It’s the ninth prime number. An
Eisenstein prime with no imaginary part and real part of the form 3n − 1. The first prime P for which unique
factorization of cyclotomic integers based on the Pth root of unity breaks
down.

It’s also the number of mathematical
challenges listed here that could land you a spot in the history books (if you
solve one – or more – of them).

Discovering novel mathematics will
enable the development of new tools to change the way the DoD approaches
analysis, modeling and prediction, new materials and physical and biological
sciences. The 23 Mathematical Challenges
program involves individual researchers and small teams who are addressing one
or more of the following 23 mathematical challenges.

I bet John Forbes Nash would be interested in this for a number of
reasons. If these challenges are
successfully met, they could provide revolutionary new techniques to meet the
long-term needs of the DoD.

I have just three words for you:

**BRING IT ON**
Mathematical Challenge 1: The Mathematics of the Brain

Develop a mathematical theory to build a
functional model of the brain that is mathematically consistent and predictive
rather than merely biologically inspired.

Mathematical Challenge 2: The Dynamics of Networks

Develop the high-dimensional mathematics
needed to accurately model and predict behavior in large-scale distributed
networks that evolve over time occurring in communication, biology and the
social sciences.

Mathematical Challenge 3: Capture and Harness Stochasticity in Nature

Address Mumford’s call for new mathematics for
the 21st century. Develop methods that capture persistence in stochastic
environments.

Mathematical Challenge 4: 21st Century Fluids

Classical fluid dynamics and the Navier-Stokes
Equation were extraordinarily successful in obtaining quantitative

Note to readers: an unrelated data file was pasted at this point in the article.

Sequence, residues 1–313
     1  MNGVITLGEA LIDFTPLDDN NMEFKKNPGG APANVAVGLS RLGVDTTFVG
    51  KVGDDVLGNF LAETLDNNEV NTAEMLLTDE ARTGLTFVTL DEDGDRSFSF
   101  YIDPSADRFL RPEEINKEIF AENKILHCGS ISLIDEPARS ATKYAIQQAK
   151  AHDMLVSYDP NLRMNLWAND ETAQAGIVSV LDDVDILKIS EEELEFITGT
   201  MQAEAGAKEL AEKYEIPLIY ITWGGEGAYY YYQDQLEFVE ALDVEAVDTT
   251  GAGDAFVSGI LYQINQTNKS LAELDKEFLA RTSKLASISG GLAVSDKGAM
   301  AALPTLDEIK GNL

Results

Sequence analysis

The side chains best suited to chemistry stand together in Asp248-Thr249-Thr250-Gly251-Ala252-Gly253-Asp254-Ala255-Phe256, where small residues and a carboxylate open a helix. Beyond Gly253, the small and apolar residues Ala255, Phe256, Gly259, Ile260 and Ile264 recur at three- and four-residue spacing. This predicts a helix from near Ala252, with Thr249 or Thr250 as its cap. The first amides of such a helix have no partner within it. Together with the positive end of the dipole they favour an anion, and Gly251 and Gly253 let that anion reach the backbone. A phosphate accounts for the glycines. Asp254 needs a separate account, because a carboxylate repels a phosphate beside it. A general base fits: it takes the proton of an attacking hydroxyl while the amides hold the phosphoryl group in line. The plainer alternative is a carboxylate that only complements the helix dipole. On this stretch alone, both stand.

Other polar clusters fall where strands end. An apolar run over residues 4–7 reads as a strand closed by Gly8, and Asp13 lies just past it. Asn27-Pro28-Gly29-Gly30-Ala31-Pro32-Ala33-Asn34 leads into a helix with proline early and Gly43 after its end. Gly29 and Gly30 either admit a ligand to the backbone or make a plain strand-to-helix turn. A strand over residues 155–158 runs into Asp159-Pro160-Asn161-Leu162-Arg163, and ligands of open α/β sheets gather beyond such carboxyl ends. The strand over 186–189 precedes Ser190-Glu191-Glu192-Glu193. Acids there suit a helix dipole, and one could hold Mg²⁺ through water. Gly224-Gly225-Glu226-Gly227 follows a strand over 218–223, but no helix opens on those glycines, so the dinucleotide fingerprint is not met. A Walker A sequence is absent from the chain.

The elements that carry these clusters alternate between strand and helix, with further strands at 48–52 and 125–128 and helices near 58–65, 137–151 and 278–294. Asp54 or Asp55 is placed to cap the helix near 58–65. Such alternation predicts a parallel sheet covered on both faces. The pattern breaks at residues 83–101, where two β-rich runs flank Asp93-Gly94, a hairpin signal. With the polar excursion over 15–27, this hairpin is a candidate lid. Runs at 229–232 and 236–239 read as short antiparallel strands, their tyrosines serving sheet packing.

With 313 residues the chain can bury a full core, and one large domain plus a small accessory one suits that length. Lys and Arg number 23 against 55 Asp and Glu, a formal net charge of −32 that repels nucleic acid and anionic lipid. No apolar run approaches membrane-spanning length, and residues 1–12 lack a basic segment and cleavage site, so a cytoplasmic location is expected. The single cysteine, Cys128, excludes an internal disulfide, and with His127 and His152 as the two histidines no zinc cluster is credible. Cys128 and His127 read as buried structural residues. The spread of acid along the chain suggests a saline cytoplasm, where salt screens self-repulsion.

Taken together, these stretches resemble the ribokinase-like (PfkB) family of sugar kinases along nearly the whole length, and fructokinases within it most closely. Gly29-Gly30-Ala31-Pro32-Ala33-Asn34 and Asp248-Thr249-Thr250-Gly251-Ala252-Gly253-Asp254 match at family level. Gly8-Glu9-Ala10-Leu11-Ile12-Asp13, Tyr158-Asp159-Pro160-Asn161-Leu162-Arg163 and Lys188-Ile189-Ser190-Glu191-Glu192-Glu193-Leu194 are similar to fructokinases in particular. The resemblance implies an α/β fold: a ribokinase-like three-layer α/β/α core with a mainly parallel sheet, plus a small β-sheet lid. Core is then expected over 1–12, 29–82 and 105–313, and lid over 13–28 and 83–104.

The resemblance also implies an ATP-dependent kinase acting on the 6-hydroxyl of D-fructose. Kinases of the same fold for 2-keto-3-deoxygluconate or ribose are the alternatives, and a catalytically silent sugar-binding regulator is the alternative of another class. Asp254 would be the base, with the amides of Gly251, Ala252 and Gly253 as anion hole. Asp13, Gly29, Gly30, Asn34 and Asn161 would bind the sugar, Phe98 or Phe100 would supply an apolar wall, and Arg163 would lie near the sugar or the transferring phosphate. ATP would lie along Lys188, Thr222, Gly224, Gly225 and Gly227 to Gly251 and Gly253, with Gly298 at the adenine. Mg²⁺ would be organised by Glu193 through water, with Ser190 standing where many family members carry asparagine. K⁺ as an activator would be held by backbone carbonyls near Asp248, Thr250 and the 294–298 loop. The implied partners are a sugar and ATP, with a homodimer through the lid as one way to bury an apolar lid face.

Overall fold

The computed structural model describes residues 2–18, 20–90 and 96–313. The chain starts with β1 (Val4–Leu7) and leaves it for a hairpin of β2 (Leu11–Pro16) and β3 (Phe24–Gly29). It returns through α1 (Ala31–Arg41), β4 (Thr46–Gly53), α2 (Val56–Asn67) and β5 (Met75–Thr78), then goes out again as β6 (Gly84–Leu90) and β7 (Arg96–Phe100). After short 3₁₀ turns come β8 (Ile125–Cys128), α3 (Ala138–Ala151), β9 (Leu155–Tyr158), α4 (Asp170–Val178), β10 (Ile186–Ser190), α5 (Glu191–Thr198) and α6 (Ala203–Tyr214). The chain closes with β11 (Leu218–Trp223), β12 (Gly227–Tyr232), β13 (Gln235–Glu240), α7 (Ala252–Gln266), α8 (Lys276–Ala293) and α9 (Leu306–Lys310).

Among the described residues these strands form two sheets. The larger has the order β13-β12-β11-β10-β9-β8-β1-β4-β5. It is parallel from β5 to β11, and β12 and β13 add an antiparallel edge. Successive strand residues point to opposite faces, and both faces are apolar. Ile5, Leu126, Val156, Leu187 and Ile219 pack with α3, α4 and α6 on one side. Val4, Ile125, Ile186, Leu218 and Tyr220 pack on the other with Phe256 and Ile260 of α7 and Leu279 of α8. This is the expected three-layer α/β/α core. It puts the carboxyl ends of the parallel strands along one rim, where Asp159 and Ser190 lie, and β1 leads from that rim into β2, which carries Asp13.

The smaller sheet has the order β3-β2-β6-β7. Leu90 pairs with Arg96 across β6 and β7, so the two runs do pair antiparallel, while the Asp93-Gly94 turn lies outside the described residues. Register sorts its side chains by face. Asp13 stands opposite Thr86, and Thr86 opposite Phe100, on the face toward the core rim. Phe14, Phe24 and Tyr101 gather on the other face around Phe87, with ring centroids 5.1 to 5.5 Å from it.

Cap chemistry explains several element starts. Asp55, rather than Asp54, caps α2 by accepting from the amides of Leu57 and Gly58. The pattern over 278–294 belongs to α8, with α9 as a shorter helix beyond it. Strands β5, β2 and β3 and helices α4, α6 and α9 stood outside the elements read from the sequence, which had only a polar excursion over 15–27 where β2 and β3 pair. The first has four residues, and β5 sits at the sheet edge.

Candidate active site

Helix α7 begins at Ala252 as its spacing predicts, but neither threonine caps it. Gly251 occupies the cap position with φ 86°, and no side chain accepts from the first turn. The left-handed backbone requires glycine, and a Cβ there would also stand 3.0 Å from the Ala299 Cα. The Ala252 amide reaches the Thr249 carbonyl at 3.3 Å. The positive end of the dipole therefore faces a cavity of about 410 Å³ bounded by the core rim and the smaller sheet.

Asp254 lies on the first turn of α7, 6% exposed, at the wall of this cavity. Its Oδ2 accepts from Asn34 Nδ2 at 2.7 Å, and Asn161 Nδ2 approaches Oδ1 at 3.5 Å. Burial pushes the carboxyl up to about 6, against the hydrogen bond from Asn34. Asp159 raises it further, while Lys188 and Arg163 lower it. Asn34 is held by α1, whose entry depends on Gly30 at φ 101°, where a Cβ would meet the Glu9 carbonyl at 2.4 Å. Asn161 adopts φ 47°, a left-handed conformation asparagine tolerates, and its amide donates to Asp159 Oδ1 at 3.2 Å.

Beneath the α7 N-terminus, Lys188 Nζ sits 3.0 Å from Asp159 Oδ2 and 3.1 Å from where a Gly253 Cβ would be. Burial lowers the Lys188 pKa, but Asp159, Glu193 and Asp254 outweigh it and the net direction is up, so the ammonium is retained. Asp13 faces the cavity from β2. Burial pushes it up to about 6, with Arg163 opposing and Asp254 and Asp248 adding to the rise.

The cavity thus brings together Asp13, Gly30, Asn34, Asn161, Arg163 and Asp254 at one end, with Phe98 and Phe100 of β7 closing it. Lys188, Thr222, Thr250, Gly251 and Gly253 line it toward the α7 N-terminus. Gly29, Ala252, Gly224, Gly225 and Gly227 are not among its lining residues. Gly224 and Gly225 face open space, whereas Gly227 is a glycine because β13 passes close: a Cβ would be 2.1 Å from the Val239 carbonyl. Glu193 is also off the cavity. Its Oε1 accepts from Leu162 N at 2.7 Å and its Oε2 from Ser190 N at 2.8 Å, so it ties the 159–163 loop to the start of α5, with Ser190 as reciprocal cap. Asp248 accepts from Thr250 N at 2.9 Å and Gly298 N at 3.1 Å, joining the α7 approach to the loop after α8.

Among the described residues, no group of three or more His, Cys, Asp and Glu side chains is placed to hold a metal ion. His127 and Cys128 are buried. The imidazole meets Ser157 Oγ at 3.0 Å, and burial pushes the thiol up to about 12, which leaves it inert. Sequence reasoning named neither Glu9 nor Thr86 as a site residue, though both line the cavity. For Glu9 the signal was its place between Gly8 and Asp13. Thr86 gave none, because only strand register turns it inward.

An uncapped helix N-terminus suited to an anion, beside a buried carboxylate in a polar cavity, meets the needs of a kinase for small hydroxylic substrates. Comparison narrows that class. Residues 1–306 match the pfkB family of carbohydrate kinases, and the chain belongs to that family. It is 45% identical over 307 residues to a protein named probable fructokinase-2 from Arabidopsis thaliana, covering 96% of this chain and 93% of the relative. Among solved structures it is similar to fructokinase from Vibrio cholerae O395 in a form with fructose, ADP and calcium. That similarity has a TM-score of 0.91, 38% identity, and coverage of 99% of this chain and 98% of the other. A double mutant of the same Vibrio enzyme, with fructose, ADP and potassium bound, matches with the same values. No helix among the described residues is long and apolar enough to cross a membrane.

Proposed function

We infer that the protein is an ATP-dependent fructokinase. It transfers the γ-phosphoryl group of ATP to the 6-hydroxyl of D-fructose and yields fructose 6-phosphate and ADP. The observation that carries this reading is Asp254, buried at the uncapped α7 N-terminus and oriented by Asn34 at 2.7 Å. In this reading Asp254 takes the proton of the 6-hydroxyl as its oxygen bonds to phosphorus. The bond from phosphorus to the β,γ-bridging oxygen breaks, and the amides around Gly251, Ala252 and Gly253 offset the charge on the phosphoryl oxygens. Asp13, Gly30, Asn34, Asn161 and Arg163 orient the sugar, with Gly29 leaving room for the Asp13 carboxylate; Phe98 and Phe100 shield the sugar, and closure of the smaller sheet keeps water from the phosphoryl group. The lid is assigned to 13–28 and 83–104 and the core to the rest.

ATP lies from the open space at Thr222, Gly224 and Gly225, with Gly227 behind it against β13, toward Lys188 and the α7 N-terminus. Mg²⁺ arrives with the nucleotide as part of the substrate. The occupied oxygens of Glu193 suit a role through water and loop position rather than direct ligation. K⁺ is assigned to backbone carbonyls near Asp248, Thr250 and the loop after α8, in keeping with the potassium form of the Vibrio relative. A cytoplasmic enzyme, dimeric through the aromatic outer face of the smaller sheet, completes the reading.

understanding of shock waves, turbulence and solitons, but new methods are
needed to tackle complex fluids such as foams, suspensions, gels and liquid
crystals.

Mathematical Challenge 5: Biological Quantum Field Theory

Quantum and statistical methods have had great
success modeling virus evolution. Can such techniques be used to model more
complex systems such as bacteria? Can these techniques be used to control
pathogen evolution?

Mathematical Challenge 6: Computational Duality

Duality in mathematics has been a profound
tool for theoretical understanding. Can it be extended to develop principled
computational techniques where duality and geometry are the basis for novel
algorithms?

Mathematical Challenge 7: Occam’s Razor in Many Dimensions

As data collection increases can we “do more
with less” by finding lower bounds for sensing complexity in systems? This is
related to questions about entropy maximization algorithms.

Mathematical Challenge 8: Beyond Convex Optimization

Can linear algebra be replaced by algebraic
geometry in a systematic way?

Mathematical Challenge 9: What are the Physical Consequences of
Perelman’s Proof of Thurston’s Geometrization Theorem?

Can profound theoretical advances in
understanding three dimensions be applied to construct and manipulate